(z) "spiritu oris ejus", V. L. Gejerus, Michaelis; so Ainsworth.
He gathereth the waters of the sea together as an heap: he layeth up the depth in storehouses.He gathereth the waters of the sea together as an heap,.... Which was done on the third day of the creation, by means of which the dry land appeared, Genesis 1:9; when the waters of the sea were piled up as an heap, and stood higher than the earth, as they now do; and which is a wonderful instance of the power and providence of God, to bound them, and preserve the earth from being overflowed by them, Job 38:9;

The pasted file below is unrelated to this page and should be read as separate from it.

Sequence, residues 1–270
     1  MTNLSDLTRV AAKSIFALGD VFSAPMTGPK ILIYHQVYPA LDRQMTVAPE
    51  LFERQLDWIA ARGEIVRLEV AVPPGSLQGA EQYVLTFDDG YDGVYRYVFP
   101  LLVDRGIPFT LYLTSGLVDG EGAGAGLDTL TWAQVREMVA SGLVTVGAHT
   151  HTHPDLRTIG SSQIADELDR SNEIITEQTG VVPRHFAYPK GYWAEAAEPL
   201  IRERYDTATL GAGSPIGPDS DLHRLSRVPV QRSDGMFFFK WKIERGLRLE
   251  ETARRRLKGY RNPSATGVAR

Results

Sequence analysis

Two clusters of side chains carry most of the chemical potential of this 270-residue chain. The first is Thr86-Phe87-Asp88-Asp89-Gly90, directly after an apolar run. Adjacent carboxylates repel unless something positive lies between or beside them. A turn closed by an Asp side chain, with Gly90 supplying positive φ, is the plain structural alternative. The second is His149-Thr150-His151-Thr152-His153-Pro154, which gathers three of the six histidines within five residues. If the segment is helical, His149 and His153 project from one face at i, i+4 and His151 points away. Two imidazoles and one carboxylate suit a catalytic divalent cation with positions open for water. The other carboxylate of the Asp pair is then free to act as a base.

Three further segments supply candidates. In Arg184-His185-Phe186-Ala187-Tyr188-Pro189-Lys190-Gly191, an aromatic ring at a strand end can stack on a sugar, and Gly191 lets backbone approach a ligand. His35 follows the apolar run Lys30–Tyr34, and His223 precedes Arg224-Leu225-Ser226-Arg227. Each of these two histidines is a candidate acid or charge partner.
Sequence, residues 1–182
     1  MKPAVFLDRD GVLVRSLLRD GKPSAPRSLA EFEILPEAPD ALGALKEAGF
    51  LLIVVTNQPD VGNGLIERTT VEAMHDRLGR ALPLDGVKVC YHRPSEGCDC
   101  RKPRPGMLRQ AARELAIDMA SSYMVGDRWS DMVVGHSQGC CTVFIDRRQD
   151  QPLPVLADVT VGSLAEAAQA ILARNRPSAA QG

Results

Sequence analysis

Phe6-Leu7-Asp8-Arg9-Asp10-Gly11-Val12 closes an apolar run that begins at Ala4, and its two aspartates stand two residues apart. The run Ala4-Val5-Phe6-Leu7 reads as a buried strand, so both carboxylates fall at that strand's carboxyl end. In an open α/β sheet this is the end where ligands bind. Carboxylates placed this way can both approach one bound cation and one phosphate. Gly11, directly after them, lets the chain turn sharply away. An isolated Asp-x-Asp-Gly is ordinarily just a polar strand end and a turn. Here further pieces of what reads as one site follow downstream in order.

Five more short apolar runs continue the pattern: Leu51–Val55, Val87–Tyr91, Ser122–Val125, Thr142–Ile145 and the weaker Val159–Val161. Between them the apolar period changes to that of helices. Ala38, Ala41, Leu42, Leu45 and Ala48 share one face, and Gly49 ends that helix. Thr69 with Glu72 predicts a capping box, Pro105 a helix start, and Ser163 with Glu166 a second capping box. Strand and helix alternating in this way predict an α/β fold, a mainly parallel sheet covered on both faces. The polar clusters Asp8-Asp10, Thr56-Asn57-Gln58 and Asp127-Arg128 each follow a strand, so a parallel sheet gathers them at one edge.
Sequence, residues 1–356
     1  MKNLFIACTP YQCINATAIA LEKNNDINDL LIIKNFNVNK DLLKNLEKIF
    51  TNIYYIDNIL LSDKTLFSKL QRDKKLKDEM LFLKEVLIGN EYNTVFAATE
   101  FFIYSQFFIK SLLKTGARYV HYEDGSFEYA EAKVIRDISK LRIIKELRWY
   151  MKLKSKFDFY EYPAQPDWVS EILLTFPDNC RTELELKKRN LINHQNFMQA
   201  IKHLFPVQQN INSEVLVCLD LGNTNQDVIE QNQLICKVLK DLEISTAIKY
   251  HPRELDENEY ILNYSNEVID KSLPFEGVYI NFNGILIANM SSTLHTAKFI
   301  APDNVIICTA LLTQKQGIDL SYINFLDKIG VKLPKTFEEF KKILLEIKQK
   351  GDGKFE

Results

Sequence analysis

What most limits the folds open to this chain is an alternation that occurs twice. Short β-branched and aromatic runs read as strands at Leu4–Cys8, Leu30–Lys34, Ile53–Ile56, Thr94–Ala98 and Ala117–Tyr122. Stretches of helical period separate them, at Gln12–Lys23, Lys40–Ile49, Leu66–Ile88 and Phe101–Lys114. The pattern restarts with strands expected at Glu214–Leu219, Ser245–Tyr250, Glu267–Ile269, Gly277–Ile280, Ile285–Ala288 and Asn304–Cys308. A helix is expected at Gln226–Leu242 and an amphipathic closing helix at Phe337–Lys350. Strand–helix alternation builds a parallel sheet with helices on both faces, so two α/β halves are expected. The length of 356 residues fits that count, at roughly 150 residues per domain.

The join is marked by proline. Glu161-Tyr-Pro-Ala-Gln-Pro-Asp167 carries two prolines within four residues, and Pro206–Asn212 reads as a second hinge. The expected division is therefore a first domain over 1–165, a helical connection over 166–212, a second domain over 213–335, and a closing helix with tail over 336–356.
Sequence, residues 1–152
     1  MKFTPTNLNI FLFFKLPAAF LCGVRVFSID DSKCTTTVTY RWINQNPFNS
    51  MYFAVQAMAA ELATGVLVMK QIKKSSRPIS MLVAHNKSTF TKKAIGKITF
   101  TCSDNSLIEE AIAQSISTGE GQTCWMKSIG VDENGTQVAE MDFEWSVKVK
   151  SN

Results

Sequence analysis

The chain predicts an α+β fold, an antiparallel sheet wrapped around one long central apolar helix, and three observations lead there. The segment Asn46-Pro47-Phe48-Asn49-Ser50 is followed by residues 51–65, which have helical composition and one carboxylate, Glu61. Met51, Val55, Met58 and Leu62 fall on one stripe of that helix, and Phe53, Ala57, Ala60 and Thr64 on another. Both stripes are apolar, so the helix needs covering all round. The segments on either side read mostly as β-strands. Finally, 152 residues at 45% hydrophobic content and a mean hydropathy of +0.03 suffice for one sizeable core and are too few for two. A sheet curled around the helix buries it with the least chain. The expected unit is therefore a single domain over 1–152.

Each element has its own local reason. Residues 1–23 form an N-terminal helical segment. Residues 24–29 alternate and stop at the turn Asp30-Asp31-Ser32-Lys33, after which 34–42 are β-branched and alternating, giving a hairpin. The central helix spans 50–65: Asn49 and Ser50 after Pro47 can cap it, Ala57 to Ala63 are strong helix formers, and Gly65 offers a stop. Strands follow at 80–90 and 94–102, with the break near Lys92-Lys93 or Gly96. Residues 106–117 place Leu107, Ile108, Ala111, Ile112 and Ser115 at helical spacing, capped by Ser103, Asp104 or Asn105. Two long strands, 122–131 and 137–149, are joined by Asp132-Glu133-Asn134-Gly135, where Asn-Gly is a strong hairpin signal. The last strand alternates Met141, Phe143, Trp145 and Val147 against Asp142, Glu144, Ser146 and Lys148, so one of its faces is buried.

he layeth up the depth in storehouses; that is, large quantities of water, for which he has his treasure houses, as for the wind, hail and snow, Psalm 135:7; and these are the clouds of heaven above, and the fountains of the great deep below, which the Lord opens and stops at his pleasure; see Genesis 7:11.
Let all the earth fear the LORD: let all the inhabitants of the world stand in awe of him.Let all the earth fear the Lord,.... That is, all the men that dwell upon the face of the earth. As it follows,